The development of one ovary instead of two is believed to help with streamlining. Streamlining helps the build and profile of a bird stay slim and aerodynamic which makes it easier for them to fly.
This is not very helpful for chickens though as they generally do not fly very far.
14. What causes double yolked eggs?
A double yolk egg is caused by two yolks being released by the ovary at the same time.
This occurs more often in younger hens with a more active reproductive system.
A double yolk egg is very rare but perfectly natural. You should not be worried about the health of your hens when this occurs.
15. Double yolk eggs do not hatch into two chicks
Double yolk eggs are always an interesting and nice surprise!
Unfortunately a double yolk egg does not hatch into two chicks. Often it does not hatch into a chick at all.
There is not enough nutrients or space to sustain the growth of two chicks inside the shell.
16. What color egg will my hen lay?
You can usually find this information online by searching for the specific breed.
Breeds like the Easter Egger will lay varying colors of eggs like green, pink or blue.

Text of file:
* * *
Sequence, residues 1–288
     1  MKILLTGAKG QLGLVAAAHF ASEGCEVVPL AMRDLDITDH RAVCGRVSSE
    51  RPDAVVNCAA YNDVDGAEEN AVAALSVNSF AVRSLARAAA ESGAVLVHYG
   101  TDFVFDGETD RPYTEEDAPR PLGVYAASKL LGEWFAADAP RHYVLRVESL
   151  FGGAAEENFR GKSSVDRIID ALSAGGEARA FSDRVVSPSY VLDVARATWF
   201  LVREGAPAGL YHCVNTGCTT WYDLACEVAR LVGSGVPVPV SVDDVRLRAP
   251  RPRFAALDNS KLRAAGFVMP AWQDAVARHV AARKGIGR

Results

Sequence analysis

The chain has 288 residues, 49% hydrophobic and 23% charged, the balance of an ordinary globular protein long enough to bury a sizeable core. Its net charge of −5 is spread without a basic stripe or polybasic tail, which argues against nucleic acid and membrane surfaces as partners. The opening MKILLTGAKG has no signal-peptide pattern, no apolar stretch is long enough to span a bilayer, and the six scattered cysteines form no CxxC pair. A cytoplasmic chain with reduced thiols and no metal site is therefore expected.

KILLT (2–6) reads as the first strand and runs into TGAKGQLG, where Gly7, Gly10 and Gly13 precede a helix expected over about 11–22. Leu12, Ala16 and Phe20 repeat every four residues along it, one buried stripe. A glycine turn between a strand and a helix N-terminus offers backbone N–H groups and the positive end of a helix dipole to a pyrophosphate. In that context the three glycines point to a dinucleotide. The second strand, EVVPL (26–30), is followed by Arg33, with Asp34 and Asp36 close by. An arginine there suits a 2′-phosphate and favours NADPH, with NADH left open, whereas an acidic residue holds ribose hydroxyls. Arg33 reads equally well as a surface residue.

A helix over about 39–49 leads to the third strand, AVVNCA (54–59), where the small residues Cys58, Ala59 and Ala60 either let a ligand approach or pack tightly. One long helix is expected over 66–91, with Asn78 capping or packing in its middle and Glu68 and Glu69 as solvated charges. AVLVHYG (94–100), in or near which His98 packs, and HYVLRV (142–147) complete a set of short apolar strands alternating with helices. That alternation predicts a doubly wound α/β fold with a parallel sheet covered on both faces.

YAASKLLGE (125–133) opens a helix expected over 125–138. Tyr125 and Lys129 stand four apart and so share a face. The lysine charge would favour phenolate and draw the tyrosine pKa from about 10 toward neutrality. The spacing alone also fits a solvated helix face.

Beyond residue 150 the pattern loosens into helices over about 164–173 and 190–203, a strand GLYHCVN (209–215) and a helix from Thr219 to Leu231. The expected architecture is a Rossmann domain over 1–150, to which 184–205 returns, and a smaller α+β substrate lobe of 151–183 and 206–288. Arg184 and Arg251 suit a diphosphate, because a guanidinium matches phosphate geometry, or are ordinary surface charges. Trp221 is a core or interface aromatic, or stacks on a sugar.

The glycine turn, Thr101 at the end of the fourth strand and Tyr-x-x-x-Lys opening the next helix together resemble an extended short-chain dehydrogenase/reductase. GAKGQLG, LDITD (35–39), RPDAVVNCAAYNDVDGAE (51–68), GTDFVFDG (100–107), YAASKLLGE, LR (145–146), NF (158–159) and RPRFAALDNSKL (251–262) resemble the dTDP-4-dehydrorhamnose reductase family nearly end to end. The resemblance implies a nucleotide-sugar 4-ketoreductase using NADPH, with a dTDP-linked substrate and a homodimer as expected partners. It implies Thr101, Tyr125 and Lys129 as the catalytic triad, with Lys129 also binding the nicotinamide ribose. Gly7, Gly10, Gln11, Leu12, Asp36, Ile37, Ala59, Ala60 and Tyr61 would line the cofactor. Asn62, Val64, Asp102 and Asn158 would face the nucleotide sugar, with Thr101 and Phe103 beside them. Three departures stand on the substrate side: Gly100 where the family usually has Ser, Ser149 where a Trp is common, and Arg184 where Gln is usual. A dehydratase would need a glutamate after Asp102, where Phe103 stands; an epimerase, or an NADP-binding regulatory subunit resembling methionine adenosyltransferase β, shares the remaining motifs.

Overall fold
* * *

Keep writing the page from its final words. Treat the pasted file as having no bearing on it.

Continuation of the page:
However most chickens will lay either white or brown eggs.
Interestingly hens with white earlobes will generally produce white eggs and hens with red earlobes will lay brown eggs.
17. A darker yolk is not more nutritious
Does a more darker yolk mean the egg is more nutritious?
A yolk’s shade of yellow depends on what the hen eats and not the nutrition level of the egg. If she eats a yellow corn or alfalfa then the yolk will turn out very yellow. The yolk will be a lighter shade of yellow if she eats mostly wheat or barley.
And if she eats mostly white corn then the yolk will appear almost colorless.
18. Chickens are one of the few birds to have comb and wattles
How do you differentiate chickens from other birds?
Interestingly you can differentiate a chicken from other birds by their comb and two wattles – most other birds do not have them.
19. Chickens are descendants of the Red Jungle Fowl
Where do chickens come from?
It is generally agreed upon that most chickens are descendants of the Red Jungle Fowl (Gallus gallus) from Southeast Asia. Interestingly chickens were originally kept for sports and were a common form of entertainment at the time – they were not used for food.
20. A cloudy egg white means the egg is fresh
A fresh egg has a large amount of carbon dioxide trapped inside it and this gives a cloudy appearance.
Cloud egg whites usually means that the egg is still very fresh since the carbon dioxide has not had a chance to escape yet.